The Bible tells us that "It is therefore a holy and wholesome thought to pray for the dead, that they may be loosed from sins" (2 Maccabees 12:46), and especially in the month of November, the Catholic Church urges us to spend time in prayer for those who have gone before us.
The Church offers a special plenary indulgence, applicable only to the souls in Purgatory, on All Souls Day (November 2), but She also encourages us in a special way to continue to keep the Holy Souls in our prayers throughout the first week of November. The Church offers an Indulgence for a Cemetery Visit that is available as a partial indulgence all year round, but from November 1 through November 8, this indulgence is plenary. Like the All Souls Day indulgence, it is applicable only to the souls in Purgatory. As a plenary indulgence, it remits all punishment due to sin, which means that simply by performing the requirements of the indulgence, you can obtain the entrance into Heaven of a soul who is currently suffering in Purgatory.
For most of us, the indulgence for a cemetery visit takes only a few minutes, and yet it reaps immense spiritual benefit for the Holy Souls in Purgatory--and for us as well, since those souls whose suffering we ease will pray for us when they enter into Heaven.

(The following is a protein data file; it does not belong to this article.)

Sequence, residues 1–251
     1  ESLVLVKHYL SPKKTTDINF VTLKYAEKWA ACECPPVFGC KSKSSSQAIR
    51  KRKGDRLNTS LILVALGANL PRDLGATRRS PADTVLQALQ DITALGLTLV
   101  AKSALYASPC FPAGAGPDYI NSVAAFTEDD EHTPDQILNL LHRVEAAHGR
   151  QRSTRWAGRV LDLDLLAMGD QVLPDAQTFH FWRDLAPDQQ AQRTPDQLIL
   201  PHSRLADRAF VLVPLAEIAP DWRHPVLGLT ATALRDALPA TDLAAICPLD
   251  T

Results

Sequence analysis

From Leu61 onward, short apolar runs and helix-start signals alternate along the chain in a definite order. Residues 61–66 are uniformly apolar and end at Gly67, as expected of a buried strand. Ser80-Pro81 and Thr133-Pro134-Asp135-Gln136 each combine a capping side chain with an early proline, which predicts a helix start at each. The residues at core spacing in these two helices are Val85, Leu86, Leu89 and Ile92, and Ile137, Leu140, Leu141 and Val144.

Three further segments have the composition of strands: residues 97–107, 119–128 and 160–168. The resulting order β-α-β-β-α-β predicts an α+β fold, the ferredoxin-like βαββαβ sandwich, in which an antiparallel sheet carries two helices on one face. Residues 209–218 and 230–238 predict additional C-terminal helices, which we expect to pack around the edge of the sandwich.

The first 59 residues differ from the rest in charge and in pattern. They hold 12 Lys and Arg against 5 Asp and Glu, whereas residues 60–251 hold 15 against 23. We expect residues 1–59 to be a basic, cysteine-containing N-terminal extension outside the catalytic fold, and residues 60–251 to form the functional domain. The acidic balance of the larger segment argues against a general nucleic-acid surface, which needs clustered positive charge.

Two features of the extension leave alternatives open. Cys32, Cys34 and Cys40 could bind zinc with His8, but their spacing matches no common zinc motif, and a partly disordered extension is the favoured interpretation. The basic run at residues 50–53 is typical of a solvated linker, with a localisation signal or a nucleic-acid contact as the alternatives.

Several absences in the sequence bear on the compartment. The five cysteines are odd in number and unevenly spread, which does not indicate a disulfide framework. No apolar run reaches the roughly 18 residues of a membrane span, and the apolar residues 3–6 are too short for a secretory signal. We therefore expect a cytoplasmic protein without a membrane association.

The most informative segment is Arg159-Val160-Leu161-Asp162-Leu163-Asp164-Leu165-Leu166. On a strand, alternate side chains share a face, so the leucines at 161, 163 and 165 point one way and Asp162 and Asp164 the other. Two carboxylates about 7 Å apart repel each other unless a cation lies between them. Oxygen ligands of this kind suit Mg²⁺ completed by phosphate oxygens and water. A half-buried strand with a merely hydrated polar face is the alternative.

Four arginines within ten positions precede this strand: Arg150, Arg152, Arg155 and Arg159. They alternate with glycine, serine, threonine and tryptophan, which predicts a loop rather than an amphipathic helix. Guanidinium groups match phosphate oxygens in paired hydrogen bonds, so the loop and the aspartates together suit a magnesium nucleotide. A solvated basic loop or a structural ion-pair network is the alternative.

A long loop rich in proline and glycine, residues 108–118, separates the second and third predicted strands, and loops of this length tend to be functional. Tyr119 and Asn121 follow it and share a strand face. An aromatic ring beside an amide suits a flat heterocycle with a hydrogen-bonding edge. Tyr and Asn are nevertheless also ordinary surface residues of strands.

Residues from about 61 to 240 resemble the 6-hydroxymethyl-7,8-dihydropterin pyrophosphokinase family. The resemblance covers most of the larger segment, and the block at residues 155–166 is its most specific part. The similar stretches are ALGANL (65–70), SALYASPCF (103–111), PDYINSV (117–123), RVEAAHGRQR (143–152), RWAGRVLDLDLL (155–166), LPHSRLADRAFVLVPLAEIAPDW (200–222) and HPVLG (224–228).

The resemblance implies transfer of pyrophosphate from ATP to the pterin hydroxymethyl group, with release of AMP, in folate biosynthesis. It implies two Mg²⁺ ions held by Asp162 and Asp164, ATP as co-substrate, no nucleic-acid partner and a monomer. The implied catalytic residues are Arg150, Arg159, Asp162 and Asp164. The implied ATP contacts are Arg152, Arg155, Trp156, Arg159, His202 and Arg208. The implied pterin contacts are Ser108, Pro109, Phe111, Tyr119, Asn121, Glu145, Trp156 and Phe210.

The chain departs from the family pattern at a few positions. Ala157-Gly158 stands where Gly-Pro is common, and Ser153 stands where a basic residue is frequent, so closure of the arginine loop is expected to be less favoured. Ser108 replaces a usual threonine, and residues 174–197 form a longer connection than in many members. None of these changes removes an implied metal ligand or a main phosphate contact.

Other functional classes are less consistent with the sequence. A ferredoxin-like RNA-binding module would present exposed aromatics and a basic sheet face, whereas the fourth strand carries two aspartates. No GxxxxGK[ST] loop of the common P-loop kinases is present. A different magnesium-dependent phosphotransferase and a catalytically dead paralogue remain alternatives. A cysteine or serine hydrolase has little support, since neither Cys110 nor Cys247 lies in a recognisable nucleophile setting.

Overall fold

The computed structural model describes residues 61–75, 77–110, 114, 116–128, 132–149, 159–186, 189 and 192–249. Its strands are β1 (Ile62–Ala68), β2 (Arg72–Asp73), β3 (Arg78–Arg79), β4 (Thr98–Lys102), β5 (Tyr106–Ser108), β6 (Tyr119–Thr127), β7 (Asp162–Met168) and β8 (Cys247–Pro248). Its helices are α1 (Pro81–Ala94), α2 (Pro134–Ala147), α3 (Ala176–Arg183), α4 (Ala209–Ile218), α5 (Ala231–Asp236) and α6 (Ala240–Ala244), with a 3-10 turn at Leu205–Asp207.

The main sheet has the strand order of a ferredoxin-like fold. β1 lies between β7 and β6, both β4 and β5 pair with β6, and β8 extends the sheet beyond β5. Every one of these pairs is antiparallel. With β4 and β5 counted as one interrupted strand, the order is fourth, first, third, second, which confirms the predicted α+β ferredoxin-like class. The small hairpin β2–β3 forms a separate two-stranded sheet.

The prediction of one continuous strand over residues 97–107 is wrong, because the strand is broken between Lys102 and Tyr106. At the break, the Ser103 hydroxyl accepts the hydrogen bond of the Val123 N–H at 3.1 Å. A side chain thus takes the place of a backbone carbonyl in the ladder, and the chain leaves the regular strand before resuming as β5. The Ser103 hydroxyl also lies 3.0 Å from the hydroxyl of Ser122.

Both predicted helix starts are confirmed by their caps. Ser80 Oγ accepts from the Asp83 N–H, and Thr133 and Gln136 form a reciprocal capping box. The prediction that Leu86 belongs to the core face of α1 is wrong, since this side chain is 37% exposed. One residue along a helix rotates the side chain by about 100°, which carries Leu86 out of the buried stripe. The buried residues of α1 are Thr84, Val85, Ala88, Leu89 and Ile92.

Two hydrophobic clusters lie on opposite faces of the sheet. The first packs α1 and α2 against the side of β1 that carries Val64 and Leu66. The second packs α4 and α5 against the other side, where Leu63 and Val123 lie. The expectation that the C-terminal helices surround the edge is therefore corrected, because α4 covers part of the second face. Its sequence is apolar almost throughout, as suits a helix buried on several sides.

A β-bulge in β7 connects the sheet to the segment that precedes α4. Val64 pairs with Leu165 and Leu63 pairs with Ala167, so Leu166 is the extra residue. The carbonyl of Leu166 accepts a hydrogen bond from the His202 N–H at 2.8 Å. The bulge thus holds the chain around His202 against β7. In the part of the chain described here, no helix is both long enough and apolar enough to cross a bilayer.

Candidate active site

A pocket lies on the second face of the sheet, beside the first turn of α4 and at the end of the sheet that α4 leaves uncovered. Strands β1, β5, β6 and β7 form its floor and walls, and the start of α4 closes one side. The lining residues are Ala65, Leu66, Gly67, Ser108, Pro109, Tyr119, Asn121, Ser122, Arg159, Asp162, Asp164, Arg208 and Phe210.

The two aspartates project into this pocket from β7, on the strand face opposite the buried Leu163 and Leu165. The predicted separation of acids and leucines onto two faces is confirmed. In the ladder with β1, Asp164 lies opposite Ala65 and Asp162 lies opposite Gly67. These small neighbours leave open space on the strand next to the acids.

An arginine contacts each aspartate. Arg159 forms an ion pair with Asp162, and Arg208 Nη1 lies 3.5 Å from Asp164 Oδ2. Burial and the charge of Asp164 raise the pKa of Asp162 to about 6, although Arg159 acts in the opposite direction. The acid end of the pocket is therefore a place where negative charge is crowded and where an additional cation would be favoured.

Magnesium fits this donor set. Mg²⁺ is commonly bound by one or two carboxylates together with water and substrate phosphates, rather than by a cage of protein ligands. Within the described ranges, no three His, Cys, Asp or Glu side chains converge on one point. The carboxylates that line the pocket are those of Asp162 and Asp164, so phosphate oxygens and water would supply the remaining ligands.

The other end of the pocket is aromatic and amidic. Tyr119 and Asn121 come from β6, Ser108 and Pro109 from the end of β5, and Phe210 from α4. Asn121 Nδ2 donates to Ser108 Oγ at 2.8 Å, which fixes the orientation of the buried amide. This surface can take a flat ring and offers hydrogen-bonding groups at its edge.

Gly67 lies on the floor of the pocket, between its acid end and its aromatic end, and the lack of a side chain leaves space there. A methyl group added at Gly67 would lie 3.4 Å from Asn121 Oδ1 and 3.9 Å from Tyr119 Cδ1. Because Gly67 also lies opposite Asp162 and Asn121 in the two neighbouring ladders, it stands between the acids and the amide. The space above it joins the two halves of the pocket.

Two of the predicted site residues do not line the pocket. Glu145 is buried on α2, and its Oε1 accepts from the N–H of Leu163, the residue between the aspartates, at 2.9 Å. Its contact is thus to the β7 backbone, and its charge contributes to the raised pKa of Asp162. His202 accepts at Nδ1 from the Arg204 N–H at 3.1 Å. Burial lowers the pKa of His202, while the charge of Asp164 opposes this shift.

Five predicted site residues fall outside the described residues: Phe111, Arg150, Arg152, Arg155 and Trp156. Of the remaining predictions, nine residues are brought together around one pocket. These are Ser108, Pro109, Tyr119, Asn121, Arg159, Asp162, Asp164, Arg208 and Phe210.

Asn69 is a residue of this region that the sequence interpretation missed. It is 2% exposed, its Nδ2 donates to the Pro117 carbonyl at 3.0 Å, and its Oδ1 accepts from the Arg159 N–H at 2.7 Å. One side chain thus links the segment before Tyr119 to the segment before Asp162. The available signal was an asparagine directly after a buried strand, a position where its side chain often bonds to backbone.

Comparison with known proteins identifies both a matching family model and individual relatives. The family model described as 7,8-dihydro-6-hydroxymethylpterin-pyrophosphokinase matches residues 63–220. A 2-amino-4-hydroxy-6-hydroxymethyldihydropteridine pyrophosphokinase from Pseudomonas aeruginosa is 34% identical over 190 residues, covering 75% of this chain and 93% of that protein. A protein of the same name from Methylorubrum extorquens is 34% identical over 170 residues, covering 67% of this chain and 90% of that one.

(Two gravestones in Saint Mary and Saint James Cemetery in Rockford, Illinois. Photo © Scott P. Richert.)
Prayers for the Faithful Departed:
- Weekly Prayers for the Faithful Departed
- Eternal Rest
- Eternal Memory
- Prayers for November: The Month of the Holy Souls in Purgatory
More on Purgatory and Indulgences:
- On the Last Things and Hell, Purgatory, and Heaven - Lesson Thirty-Seventh (from the Baltimore Catechism No. 2)
- Reader Question: What Happened to Purgatory?
- Reader Question: Does the Church Still Believe in Purgatory?
- Reader Question: Is There a Scriptural Basis for Purgatory?
- Reader Question: Prayer for the Dead
- Reader Question: Was Christ's Death Enough?
- Reader Question: Why Do Catholics Believe in Purgatory?
- On Indulgences - Lesson Twenty-First (from the Baltimore Catechism No. 2)